Libraries, patrons, and e-books:
12% of e-book readers have borrowed an e-book from their library
Washington (June 22, 2012) – Some 12% of Americans ages 16 and older who read e-books say they have borrowed an e-book from a library in the past year.
But most in the broader public, not just e-book readers, are generally not aware they can borrow e-books from libraries, even though three-quarters of the nation’s public libraries offer the service. We asked all those ages 16 and older if they know whether they can borrow e-books from their library and 62% said they did not know if their library offered e-book lending. Some 22% say they know that their library does lend out e-books, and 14% say they know their library does not lend out e-books.
Many of those who presumably have an interest in knowing about the availability of free library loans of e-books are not sure about the situation at their local library. According to a nationally-representative poll by the Pew Research Center’s Internet & American Life Project:
- 58% of all library card holders say they do not know if their library provides e-book lending services.
- 53% of all tablet computer owners say they do not know if their library lends e-books.
- 48% of all owners of e-book reading devices such as original Kindles and NOOKs say they do not know if their library lends e-books.
- 47% of all those who read an e-book in the past year say they do not know if their library lends e-books.
“It was a genuine surprise to see these data, especially after all of the attention that has been paid to the tension between libraries and major book publishers about whether many of the most popular books should be available for lending by libraries,” noted Lee Rainie, Director of the Pew Internet Project. “E-book borrowing is gaining a foothold in the library world and will likely grow much more in the future as more people become aware of it. That might add more pressure to the situation – or prompt the parties to come up with a solution.”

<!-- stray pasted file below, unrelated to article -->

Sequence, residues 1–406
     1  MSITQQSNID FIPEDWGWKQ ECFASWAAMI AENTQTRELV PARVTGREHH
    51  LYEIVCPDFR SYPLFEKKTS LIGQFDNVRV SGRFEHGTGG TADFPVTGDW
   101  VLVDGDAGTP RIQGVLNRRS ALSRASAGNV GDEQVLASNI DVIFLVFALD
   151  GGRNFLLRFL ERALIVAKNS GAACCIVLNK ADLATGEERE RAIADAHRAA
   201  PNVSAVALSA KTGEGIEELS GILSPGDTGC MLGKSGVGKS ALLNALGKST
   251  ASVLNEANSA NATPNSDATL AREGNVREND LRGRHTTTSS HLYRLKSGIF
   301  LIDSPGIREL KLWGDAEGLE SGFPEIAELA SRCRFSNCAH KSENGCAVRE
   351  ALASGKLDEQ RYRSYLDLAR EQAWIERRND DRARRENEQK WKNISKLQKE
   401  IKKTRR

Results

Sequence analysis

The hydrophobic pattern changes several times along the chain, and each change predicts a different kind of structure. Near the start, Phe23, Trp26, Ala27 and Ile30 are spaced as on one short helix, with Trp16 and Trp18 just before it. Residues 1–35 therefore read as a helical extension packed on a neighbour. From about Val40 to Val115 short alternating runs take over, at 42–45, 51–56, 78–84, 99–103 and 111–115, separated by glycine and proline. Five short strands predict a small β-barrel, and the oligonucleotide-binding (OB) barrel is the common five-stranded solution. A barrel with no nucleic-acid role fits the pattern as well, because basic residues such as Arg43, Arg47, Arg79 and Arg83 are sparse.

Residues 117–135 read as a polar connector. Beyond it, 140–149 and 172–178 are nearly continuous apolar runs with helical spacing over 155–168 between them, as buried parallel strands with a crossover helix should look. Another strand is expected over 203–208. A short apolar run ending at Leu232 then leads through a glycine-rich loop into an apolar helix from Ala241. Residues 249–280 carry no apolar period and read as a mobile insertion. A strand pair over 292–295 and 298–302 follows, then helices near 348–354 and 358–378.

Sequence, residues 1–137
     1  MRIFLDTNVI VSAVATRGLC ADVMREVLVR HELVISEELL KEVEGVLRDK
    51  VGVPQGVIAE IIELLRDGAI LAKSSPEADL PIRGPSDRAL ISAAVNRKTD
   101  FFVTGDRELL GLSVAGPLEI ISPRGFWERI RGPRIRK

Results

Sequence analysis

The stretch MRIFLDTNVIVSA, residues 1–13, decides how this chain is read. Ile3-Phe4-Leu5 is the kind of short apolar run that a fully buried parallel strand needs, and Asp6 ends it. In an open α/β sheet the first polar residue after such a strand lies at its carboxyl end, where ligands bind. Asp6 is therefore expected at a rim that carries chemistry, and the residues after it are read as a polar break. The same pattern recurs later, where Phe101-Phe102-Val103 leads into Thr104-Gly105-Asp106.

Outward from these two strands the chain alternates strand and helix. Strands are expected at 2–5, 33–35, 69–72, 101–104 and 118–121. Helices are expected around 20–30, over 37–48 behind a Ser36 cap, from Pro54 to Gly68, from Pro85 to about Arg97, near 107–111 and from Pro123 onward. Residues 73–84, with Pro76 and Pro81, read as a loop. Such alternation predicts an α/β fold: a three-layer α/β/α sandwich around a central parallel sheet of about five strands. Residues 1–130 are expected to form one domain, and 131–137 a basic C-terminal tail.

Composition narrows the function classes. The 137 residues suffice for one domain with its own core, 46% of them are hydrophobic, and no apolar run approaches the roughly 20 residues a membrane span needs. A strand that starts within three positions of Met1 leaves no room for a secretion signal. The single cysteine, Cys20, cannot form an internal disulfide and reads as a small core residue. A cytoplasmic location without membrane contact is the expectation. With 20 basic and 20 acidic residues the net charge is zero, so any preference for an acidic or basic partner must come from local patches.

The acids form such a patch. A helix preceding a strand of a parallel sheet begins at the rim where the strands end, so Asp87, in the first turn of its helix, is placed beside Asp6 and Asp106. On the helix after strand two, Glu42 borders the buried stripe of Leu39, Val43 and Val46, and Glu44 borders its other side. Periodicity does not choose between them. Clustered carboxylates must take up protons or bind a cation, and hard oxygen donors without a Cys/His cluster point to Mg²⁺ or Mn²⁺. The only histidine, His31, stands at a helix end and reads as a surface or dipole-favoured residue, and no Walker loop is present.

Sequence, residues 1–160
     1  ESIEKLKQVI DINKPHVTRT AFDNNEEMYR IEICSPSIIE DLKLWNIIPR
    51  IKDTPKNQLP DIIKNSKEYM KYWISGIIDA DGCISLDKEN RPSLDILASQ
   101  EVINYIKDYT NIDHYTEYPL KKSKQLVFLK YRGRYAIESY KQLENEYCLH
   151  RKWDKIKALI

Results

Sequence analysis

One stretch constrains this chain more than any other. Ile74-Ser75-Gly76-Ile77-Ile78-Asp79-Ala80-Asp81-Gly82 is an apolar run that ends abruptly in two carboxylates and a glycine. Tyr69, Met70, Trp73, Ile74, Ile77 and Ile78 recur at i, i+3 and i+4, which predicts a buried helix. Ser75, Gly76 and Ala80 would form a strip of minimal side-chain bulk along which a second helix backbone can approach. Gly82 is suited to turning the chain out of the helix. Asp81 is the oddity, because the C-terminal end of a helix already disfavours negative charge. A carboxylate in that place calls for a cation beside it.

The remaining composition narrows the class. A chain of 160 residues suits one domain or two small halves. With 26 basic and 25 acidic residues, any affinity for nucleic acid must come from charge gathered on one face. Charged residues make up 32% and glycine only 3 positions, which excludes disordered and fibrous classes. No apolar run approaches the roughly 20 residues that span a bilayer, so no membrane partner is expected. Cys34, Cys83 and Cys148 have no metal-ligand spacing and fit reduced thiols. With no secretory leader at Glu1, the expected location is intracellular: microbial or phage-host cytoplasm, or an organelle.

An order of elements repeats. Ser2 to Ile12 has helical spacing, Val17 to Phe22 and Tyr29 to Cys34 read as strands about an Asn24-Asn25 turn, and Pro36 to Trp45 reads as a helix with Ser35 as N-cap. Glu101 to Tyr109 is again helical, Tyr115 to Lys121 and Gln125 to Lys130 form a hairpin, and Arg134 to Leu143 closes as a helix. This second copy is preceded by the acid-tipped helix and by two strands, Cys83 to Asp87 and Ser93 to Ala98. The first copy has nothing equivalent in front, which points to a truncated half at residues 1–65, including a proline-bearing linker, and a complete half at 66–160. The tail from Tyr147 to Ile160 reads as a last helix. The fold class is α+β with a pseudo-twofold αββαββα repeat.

In the survey, e-book borrowers were asked about the selection of e-books through their library: 32% of e-book borrowers say the selection at their library is “good,” 18% say it is “very good,” and 16% say it is “excellent.” Some 23% say the selection is only “fair,” 4% say it is “poor,” and 8% say they don’t know.
Many of those borrowers reported at least occasional difficulties:
- 56% of e-book borrowers from libraries say that at one point or another they had tried to borrow a particular book and found that the library did not carry it.
- 52% of e-book borrowers say that at one point or another they discovered there was a waiting list to borrow the book.
- 18% of e-book borrowers say that at one point or another they found that an e-book they were interested in was not compatible with the e-reading device they were using.
We also asked all those who do not already borrow e-books at the public library how likely it would be that they might avail themselves of certain resources if their library were to offer them. The results:
- 46% of those who do not currently borrow e-books from libraries say they would be “very” or “somewhat” likely to borrow an e-reading device that came loaded with a book they wanted to read.